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Preparing for the unexpected

Household Emergency Plan - Go bag

Insurance advice

Being insured is critical in almost all emergencies. Check your home and contents are adequately insured for emergencies like flooding.

Being prepared for an emergency starts with having adequate insurance.You should take out insurance to protect your contents and if you are a home owner you should make sure you have cover for your buildings.      

If you are a tenant check your landlord has landlord's insurance. Ask your insurance company about Tenant's Insurance.  

Check the small print of your insurance to make sure it gives you adequate insurance. For example, will your insurance provider arrange for alternative accommodation if you have to leave your home because of an emergency? Make sure you are covered for the right amount - be careful not to under insure. If you do not understand the cover you have, talk to your insurer. Alternatively, you can always talk to an insurance broker who will be able to explain cover and help to obtain other quotes for you.

Keep your insurance documents in a safe place so that you know who to contact in the event of an emergency. If you can, add the details to the memory of your mobile phone.

If you need to make a claim for valuables you may need to produce evidence so take photos of your valuables, keep receipts and keep backups of any electronic records.

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Think about fire safety

You are twice as likely to die in a fire if you don' have a smoke alarm that works. Think about fire safety in your home.

  • Fit a smoke alarm to each level of your home and test it once a week - ask family or friends for help if necessary.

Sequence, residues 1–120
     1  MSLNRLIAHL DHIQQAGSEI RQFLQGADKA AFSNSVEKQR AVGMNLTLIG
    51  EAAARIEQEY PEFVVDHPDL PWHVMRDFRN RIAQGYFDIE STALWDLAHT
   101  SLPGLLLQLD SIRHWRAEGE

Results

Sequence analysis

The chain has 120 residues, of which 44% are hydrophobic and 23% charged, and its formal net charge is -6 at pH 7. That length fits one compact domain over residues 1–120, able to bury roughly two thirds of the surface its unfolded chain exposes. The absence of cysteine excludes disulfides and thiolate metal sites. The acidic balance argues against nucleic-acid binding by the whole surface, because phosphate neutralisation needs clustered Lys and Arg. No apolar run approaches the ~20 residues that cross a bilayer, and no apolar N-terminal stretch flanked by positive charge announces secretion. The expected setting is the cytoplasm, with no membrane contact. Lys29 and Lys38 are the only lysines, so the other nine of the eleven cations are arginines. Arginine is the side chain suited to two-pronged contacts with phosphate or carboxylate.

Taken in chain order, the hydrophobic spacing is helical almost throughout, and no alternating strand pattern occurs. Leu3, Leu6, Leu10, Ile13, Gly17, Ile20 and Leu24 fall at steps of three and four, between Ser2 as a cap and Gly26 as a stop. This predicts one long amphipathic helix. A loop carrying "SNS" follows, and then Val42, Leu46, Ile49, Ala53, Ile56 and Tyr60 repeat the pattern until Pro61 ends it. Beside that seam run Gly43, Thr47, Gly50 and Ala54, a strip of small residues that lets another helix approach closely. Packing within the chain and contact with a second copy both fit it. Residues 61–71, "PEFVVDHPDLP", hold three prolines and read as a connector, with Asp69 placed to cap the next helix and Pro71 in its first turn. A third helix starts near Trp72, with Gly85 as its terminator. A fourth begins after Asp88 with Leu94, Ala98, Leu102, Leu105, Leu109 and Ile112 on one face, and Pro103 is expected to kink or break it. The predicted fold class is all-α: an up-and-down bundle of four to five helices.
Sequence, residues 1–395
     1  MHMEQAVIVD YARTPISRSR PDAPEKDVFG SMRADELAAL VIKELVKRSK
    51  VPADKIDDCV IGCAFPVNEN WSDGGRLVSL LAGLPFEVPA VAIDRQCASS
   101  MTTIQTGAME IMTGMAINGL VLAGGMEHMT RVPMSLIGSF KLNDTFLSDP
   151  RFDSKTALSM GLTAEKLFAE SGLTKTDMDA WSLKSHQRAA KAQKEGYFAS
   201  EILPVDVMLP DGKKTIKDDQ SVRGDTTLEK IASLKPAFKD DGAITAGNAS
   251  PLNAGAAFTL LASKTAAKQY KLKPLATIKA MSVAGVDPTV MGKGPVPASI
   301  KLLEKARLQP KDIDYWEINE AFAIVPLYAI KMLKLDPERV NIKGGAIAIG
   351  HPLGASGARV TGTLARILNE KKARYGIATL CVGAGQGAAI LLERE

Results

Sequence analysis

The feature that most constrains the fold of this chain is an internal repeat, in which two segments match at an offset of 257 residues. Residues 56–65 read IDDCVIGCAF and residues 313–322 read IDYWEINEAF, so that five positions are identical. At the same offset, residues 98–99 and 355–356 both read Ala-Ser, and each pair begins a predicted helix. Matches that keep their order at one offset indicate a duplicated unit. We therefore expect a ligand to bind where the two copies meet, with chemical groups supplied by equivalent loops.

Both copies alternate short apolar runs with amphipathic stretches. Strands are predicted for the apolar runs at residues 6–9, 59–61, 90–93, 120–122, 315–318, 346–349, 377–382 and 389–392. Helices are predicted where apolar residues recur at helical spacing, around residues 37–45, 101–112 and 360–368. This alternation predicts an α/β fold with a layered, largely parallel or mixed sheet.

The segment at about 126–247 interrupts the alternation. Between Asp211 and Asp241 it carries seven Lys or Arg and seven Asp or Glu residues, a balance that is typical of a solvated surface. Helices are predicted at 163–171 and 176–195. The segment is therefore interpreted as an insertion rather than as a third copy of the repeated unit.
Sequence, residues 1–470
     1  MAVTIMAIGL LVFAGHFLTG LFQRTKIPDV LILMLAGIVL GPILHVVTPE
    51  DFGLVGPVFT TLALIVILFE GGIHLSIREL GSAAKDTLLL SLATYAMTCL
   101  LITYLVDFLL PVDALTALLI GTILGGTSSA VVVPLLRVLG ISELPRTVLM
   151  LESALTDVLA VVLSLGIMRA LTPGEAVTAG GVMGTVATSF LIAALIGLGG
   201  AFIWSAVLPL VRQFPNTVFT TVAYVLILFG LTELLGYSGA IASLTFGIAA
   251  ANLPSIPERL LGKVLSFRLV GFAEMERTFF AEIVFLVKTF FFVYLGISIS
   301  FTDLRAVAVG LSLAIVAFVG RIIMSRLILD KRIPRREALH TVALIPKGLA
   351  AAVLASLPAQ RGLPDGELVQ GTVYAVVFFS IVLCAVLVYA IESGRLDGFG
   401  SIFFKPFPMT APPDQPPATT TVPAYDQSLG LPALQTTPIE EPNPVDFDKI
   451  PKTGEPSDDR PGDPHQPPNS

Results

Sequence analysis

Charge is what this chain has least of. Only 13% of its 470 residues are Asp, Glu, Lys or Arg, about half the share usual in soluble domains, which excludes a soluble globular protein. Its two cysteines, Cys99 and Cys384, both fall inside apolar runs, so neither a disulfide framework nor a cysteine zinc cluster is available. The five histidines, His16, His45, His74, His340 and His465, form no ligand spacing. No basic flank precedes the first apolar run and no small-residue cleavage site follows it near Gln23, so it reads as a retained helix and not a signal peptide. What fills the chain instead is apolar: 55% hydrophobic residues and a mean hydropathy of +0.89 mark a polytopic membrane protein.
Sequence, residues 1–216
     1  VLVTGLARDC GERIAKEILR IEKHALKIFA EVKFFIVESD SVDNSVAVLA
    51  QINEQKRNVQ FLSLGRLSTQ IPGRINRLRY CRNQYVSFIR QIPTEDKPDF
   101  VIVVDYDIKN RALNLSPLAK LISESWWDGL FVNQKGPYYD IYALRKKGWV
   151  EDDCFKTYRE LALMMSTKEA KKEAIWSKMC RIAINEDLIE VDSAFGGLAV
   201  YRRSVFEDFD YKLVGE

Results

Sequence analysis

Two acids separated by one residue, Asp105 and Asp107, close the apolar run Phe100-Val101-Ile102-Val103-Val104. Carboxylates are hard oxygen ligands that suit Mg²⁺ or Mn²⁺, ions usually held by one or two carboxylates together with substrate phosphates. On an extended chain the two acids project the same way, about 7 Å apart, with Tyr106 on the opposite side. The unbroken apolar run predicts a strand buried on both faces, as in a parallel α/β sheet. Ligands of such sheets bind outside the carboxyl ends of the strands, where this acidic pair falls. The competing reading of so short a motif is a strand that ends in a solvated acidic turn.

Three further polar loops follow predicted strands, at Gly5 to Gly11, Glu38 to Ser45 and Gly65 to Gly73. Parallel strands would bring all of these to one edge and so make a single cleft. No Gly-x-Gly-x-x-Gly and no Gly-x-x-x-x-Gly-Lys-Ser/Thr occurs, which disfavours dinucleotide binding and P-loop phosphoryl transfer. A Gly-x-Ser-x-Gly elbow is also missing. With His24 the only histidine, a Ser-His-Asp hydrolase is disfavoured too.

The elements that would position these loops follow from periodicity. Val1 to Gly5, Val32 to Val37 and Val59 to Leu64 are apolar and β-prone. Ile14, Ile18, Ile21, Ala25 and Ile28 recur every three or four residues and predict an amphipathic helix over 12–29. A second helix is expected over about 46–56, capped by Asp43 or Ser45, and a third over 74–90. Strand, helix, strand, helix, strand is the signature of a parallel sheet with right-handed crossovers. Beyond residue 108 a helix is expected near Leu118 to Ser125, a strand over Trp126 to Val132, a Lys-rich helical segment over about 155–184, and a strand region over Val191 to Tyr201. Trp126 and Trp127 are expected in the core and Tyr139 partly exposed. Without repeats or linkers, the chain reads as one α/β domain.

• Fit a carbon monoxide alarm.
  • Choose an escape route from your home and practice it with your family.
    • The best escape route is often the normal way in and out of your home.
    • Think of any difficulties you may have getting out, for example, at night you may need to have a torch to light your way.
    • Choose a second escape route, in case the first one is blocked.
    • Keep all exits clear of obstructions, like bicycles.
    • If there are children, older or disabled people or pets, plan how you will get them out.
  • Think about a safe place to go if you can't escape - ideally a room with a window and phone.
  • Make sure everyone is the house knows where door and window keys are kept.

To help prevent fires occurring through the night, it's important to check your home for fire hazards before you go to bed. Prepare a bed time routine to make sure you:

  • Check the cooker is turned off.
  • Turn off and unplug electrical appliances (unless they are meant to be left on, like your freezer).
  • Put candles and cigarettes out properly.
  • Turn heaters off and put up fireguards.
  • Make sure exits are kept clear.